Pheromone traps can be used to monitor for adult western bean cutworms, Striacosta albicosta (Smith) (Lepidoptera: Noctuidae), and for the timing of field scouting. Understanding the effect that different trapping techniques have on adult captures could help corn (Zea mays L.) producers make better pest management decisions. Several approaches to trapping adults were evaluated in 2005 and 2006 by using two different pheromone traps (sticky wing and jug traps) in two different environments (corn or corn/soybean [Glycine max (L.) Merr.] at three different heights (0.6, 1.2, and 1.8 m). There was no significant difference in the trap catches by trap type in either 2005 or 2006. There were significantly more adults captured in traps placed between two cornfields than traps placed between corn/soybean fields during both years. Trap height also was significant, with the traps at 1.2 and 1.8 m catching more moths than traps at 0.6 m during both years. These results show that trapping techniques do affect trap catches and that either trap type placed between two cornfields at either 1.2 or 1.8 m above the ground will maximize trap catches.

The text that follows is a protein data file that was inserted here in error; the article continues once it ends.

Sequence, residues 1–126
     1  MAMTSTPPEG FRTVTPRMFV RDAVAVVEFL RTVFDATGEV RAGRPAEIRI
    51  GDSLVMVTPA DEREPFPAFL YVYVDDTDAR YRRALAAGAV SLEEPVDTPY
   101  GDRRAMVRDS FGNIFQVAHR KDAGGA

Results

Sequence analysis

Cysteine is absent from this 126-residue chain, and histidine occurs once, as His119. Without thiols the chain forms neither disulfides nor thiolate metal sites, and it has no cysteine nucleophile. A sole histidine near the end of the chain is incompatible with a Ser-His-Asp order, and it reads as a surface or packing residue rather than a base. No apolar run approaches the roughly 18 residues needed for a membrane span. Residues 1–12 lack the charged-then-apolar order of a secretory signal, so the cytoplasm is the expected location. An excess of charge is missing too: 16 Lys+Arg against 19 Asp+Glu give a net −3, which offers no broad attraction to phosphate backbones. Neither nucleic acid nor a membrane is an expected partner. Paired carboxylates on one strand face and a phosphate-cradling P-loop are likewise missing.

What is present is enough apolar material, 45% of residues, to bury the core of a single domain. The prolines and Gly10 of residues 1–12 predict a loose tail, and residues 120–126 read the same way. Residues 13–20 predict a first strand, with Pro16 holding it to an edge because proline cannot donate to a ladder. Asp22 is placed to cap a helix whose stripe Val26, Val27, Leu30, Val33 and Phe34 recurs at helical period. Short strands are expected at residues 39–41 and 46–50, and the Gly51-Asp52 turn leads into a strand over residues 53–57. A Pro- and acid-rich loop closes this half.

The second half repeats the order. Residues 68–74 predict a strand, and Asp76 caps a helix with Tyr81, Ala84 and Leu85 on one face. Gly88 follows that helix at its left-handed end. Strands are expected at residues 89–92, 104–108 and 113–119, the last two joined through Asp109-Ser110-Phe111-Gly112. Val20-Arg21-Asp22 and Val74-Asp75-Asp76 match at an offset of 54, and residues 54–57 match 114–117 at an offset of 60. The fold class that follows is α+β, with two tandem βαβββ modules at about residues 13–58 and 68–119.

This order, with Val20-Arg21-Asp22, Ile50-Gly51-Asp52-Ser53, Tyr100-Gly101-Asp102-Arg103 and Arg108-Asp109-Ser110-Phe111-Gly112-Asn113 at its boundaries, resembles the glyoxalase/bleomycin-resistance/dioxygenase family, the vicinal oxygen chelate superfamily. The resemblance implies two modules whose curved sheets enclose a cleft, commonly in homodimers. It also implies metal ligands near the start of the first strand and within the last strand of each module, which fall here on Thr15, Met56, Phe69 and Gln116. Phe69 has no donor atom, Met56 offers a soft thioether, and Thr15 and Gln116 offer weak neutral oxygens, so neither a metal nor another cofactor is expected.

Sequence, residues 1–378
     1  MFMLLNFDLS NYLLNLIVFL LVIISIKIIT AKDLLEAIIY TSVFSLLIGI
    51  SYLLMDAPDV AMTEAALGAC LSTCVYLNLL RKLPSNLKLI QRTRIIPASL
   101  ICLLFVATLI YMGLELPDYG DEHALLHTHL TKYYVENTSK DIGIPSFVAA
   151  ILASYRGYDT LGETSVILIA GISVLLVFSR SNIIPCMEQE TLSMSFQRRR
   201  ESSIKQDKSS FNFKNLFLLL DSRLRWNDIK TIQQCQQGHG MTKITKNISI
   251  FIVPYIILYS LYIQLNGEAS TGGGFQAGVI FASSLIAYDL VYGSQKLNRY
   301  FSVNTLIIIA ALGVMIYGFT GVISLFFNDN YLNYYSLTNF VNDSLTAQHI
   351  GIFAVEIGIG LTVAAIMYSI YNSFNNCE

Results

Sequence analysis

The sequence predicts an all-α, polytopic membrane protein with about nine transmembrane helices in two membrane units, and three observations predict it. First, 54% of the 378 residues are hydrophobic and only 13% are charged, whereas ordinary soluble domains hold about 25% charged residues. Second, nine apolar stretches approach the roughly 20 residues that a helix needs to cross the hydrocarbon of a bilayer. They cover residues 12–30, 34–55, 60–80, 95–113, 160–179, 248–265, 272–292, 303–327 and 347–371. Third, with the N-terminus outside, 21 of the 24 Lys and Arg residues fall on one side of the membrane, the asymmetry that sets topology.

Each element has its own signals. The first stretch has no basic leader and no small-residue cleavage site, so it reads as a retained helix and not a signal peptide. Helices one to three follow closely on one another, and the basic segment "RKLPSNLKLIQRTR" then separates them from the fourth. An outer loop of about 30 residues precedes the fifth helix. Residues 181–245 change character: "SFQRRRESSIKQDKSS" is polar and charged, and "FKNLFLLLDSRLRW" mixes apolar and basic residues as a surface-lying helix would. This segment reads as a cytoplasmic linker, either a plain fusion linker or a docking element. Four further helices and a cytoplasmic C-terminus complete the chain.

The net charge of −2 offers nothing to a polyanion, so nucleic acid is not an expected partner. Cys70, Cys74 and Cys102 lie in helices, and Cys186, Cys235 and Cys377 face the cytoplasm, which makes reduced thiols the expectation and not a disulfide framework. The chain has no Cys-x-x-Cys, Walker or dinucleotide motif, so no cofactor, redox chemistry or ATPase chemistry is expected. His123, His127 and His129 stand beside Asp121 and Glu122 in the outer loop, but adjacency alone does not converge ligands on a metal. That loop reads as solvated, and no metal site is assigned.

You have requested a machine translation of selected content from our databases. This functionality is provided solely for your convenience and is in no way intended to replace human translation. Neither BioOne nor the owners and publishers of the content make, and they explicitly disclaim, any express or implied representations or warranties of any kind, including, without limitation, representations and warranties as to the functionality of the translation feature or the accuracy or completeness of the translations.
Translations are not retained in our system. Your use of this feature and the translations is subject to all use restrictions contained in the Terms and Conditions of Use of the BioOne website.
Vol. 101 • No. 2